Our Association has obtained copies of some audio tapes made during the Lam Son 719 flights into Laos in 1971. These tapes were put together by Mike Sloniker of the 174th AHC. There are several times that Firebird 98 is mentioned. This pilot was Stuart Froehling (OF 70-71) to whom a copy of the tapes were sent. These tapes can take you back to the terror of hearing and seeing flight crews die. We will have these tapes in St. Louis, but everyone should be advised beforehand how graphic the tapes are. A couple of years ago, we received permission from a Mrs. Hatley to reprint a poem she wrote about her son Joel. Joel Hatley was a crew chief that died in this action as his ship explodes into a ball of flame. This is part of these tapes along with a Cobra blown out of the sky and another pilot's last words, "We are inverted and going in"! At least there is one humorous moment where the AC reminds the crew chief that he is not supposed to be shooting. The crew chief says he didn't shoot. Pilot says, "what was that I just heard." Crew chief says, "Hell, that was them shooting at us!" Men, that's danger close!

In this newsletter are printed a few letters that are especially significant in their sentiment and meaning. John Rankin writes of what it means to him to be a part of his son's unit thirty one years after his son's death. Eric Kilmer writes of the meaning of our war and of this Association. Both letters touched this editor's emotions. Donnie Profitt writes of having closure with the death of his best friend in the service, Marshall Ratliff who died in 1989. Donnie and his wife Gail drove by "Rat's" home town on their way home from the Vegas reunion.


The Rattler/Firebird executive committee has unanimously approved a site in St. Louis, MO for our 2002 reunion. The Radisson hotel, near the St. Louis International Airport will be the Reunion headquarters for the May 2-5, 2002 event. The hotel will not take reservations until May 2001 when updated room rates will be made available to the Association. This particular hotel was the site of the 1999 Americal / 196th LIB reunion attended by about a dozen men from our unit. The hotel has a large open atrium and more than adequate space for aircraft and unit memorabilia. The hotel staff has been extremely cooperative in the reunion pre-planning and all indications are that this will be another fine meeting for the Association.

Vic Bandini (WO 68-69) is Reunion Chairman for '02 and needs volunteers to help with committee assignments before and during the reunion event. Please contact him at: or 317-882-6560 to volunteer your time. Several men at the Las Vegas reunion pledged support for the St. Louis event but other help will be needed and welcome. For those who volunteered at Las Vegas, please contact Vic and reconfirm your availability to assist. Help is needed with food & beverage, entertainment, local events, golf, security, host services, etc.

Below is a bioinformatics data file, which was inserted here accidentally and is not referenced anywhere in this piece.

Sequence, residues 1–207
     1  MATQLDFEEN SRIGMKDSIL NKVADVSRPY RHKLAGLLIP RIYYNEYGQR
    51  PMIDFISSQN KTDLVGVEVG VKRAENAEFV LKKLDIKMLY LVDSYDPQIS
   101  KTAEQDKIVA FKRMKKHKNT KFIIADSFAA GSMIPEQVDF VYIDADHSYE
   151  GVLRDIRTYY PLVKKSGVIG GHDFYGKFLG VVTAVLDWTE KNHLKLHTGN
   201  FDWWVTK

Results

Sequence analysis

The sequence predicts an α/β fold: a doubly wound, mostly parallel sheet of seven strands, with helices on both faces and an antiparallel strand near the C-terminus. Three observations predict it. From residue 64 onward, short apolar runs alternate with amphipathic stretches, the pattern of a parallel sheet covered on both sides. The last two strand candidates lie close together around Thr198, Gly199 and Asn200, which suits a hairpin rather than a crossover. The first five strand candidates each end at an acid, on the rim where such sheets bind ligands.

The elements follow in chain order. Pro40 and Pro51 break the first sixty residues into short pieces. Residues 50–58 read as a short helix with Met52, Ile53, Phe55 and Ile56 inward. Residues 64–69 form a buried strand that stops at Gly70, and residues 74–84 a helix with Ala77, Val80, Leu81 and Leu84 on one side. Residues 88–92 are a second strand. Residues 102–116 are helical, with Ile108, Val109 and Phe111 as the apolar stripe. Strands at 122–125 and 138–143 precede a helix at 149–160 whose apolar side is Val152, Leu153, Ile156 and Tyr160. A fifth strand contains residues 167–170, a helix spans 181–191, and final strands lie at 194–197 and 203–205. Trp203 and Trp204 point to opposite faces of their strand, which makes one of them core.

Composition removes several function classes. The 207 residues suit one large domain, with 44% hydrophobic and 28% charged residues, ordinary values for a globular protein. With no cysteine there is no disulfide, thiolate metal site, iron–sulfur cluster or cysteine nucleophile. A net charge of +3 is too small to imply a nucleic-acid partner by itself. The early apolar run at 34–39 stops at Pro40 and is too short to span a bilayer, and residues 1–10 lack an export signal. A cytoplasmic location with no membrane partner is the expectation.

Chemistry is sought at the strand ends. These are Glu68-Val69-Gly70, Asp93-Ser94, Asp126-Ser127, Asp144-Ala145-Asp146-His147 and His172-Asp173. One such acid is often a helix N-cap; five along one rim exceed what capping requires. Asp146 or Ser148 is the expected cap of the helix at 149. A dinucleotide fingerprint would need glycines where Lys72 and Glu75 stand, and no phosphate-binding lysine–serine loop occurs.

The St. Louis reunion will feature our usual equipment displays, the return of the Firebird "Freefire" golf classic plus a few new and innovative programs. A Saturday evening dinner is in the planning stages. A cocktail hour with unit entertainment will precede the dinner festivities. A search is now underway for an appropriate guest speaker and presenter. This will not be a "stuffed shirt" event but an evening tribute devoted to you and your service in our unit. To help begin the Saturday evening program planning, each unit member is asked to send two individual photographs to Vic Bandini. Please send Vic one photo of yourself during your Vietnam tenure and a second recent photo from "today". Please caption each photo with your name and year of the photo. If you wish to have your photos returned please enclose a self addressed stamped envelope. Any photos not returned by mail will be at the 2002 reunion for pick up. Photos can be mailed to Vic at: P.O. Box 51441, Indianapolis, IN 46251-0441. Please mark as 'Photos - Do Not Bend'. For those of you with the technology, you can e-mail your digital images to Vic at the juno e-mail address listed earlier.

More detailed information will be forthcoming in the next newsletter. Mark your calendars NOW for the 2002 Reunion in St. Louis, MO. Great ideas are planned for this event - don't miss it.


On 30 May 2000, Jim Waterbury (OF 69-70), died as a result of a massive cerebral hemorrhage. Ron Olson writes of remembering Jim's "Donald Duck" radio calls. Frank Anton recalled fondly serving with Jim at Ft. Dix in the '70s. Jim was instrumental in our obtaining the Rattler slick that we take to the reunions and was a life member of our association.

On 18 August 2000, Michael D. Callahan (OF 69-70), died as a result of congestive heart failure. Mike had served in operations while in 'Nam and is not to be confused with Michael C. Callahan (WO 69). Mike's wife Nancy had asked that anyone who served with him in 'Nam to contact Mike near the end. Several men did this and greatly added comfort with old memories and war stories. Nancy expressed to the Association how grateful she was for the response to her request.

On 10 September 2000, Louis K. Free (EM 67), died of cancer.

From a letter received by the Association from John Rankin, Sr.